3. Don’t Drink Alcohol at Bedtime

Alcohol is a depressant, which can fool you into thinking you’ll sleep better after imbibing. However, don’t confuse sedation with sleep — it’s not the same thing.

According to Psychology Today, alcohol is the most common sleep aid with up to 20 percent of adults using it to help them fall asleep. The article goes on to say that in the first half of the night when the body is metabolizing alcohol, studies show people spend more time in deep, slow-wave sleep and less time in REM sleep. In the second half of the night, people experience micro-awakenings preventing enough time in any stage.

Moderate drinking may be fine but it’s best not to drink much right before bed for a healthy night’s sleep. Chronic or excessive drinking is correlated with insomnia and other sleep conditions.


4. Be Careful with Sleep Aids

Matthew Walker, director of the Center for Human Sleep Science at the University of California, Berkeley, and author of Why We Sleep says,

Recent guidelines from the American College of Physicians, in the Annals of Internal Medicine, recommend psychotherapy as a first-line treatment for chronic patients instead of medications. In fact, cognitive-behavioral therapy helps by reducing the worry, anxiety, and fear around not being able to fall asleep, which often keeps insomniacs awake at night.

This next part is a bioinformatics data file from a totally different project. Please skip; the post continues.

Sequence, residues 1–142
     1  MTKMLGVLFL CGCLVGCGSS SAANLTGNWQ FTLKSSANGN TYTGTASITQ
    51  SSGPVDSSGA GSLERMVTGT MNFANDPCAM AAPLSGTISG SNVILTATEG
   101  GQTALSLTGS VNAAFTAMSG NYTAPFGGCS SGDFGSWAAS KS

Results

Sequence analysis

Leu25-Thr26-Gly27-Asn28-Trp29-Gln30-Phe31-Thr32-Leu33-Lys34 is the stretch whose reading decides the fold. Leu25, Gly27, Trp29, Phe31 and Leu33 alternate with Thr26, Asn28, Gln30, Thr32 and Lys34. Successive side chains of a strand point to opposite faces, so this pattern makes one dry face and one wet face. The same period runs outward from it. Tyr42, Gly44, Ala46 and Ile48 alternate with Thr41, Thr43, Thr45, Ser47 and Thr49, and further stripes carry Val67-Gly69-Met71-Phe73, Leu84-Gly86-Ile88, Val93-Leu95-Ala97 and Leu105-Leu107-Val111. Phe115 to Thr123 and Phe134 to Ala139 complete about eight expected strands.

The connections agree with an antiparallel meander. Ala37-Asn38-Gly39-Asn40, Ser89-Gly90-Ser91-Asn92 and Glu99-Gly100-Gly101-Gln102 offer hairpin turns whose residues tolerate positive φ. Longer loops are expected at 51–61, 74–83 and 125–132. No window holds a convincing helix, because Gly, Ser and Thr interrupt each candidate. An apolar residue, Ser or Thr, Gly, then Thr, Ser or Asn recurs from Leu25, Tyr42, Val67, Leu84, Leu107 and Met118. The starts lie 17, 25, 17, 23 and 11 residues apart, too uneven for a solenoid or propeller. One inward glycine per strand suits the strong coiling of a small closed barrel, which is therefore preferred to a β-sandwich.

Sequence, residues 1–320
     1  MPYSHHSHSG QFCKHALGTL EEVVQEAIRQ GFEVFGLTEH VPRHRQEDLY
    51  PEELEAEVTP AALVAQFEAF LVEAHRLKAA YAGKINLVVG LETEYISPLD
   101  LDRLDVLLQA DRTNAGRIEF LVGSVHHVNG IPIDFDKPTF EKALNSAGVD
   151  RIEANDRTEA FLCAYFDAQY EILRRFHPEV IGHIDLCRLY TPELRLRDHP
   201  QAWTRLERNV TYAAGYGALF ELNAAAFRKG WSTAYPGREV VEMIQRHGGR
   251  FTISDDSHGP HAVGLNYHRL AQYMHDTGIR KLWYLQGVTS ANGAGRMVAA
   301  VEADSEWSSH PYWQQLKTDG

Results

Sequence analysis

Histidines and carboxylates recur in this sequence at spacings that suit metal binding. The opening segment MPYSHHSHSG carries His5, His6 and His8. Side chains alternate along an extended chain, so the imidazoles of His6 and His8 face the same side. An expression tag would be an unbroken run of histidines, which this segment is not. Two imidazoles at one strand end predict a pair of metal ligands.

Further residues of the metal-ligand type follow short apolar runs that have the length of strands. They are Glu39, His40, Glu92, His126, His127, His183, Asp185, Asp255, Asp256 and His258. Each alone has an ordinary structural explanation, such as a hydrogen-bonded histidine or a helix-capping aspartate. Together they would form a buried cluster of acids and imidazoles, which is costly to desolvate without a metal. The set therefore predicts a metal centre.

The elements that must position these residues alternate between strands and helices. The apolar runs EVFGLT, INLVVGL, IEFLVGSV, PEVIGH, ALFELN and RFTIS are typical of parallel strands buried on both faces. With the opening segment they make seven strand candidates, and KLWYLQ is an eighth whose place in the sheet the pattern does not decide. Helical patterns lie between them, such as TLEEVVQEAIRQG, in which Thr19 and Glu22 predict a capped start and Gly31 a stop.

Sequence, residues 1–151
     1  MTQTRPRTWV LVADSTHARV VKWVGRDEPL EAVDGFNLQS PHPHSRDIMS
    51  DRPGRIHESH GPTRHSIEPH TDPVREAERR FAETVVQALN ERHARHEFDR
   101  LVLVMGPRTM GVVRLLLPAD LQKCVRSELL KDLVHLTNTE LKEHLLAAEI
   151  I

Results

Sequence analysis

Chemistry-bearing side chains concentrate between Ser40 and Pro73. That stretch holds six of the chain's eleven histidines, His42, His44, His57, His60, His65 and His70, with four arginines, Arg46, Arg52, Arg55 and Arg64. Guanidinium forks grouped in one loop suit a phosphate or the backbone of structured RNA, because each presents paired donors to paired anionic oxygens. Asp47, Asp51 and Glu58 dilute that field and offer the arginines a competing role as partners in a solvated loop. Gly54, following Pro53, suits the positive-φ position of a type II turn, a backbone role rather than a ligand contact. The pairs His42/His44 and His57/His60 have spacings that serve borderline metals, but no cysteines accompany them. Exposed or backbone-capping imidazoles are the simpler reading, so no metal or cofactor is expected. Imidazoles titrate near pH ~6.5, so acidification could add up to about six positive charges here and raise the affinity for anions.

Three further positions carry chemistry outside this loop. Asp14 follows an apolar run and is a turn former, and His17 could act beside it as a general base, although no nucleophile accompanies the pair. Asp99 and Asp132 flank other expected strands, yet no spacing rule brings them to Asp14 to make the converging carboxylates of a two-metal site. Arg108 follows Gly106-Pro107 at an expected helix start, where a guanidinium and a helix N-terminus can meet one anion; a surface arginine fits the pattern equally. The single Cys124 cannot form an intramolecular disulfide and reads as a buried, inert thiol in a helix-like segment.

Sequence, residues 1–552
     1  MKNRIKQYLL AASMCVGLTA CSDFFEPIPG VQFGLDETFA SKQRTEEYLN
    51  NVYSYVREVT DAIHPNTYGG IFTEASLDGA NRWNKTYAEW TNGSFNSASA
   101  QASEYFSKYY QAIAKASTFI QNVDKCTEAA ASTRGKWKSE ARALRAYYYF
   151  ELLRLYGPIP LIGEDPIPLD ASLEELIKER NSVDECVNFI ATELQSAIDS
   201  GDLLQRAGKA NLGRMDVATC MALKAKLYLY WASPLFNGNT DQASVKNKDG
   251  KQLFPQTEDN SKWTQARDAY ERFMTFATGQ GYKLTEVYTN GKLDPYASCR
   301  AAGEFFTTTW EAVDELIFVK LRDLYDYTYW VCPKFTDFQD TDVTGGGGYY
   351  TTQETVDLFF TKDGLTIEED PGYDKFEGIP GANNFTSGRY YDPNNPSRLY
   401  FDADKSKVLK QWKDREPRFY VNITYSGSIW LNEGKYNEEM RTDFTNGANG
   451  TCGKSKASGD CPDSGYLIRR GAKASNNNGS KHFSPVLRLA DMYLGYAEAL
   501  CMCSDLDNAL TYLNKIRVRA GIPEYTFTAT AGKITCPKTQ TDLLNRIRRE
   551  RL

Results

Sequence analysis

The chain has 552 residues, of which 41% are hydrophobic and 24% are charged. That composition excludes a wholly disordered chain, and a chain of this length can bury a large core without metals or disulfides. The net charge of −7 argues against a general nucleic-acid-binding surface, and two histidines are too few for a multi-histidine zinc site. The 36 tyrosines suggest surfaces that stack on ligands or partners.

Some prescription sleep aids have dangerous side effects, including decreased awareness, hallucinations, changes in behavior, memory problems, sleepwalking, sleep eating (and cooking), and even sleep-driving.

What about over-the-counter medications like antihistamines (Benadryl)? The Mayo Clinic says if you’re struggling with chronic insomnia, don’t rely on antihistamines for a good night’s sleep. It’s easy to develop a tolerance, so the longer you take them, the more you’ll need. You can also experience daytime drowsiness, dry mouth, and dizziness.

On a positive note, the natural supplement melatonin may have some efficacy in improving sleep patterns. A meta-analysis published in Nutrition Journal concluded melatonin shows promise to prevent phase shifts from jet lag and improve insomnia in otherwise healthy adults, but to a limited extent; the use of melatonin in shift workers is inconclusive.

Final Thoughts

We will spend about 1/3 of our lives sleeping or trying to sleep by the time it’s all said and done. While news reports and websites spend a lot of time talking about the importance of deep sleep (for good reason), REM sleep is the most important to our mental health.

Go several nights without it, and your body will compensate with a REM rebound effect, where you spend more time in this stage. Chronic alcoholics can experience hallucinations during withdrawal — researchers believe this the body’s attempt to catch up on REM deprivation (basically dreaming while awake).

Other ways to get a good night’s sleep from Walker’s book include,

  • Go to bed and wake up at the same time every day, even after a bad night’s sleep or on the weekend.
  • Keep your bedroom temperature cool; about 65 degrees Fahrenheit is optimal for cooling your body towards sleep. Wear socks if your feet are cold.
  • An hour before bedtime, dim the lights and turn off all screens. Blackout curtains are helpful.
  • If you can’t sleep, get out of bed and do something quiet and relaxing until the urge to sleep returns. Then go back to bed.
  • Avoid caffeine after 1 p.m. and never go to bed tipsy.

For increased REM sleep, follow the tips outlined in the article.

  • Get more total sleep.
  • Don’t force yourself to get up before you’ve had a chance to experience several REM cycles (typically about 8 hours).
  • Avoid alcohol before sleep.
  • Be wary of prescription sleep aids and over-the-counter antihistamines.

  • Source: Suzie Glassman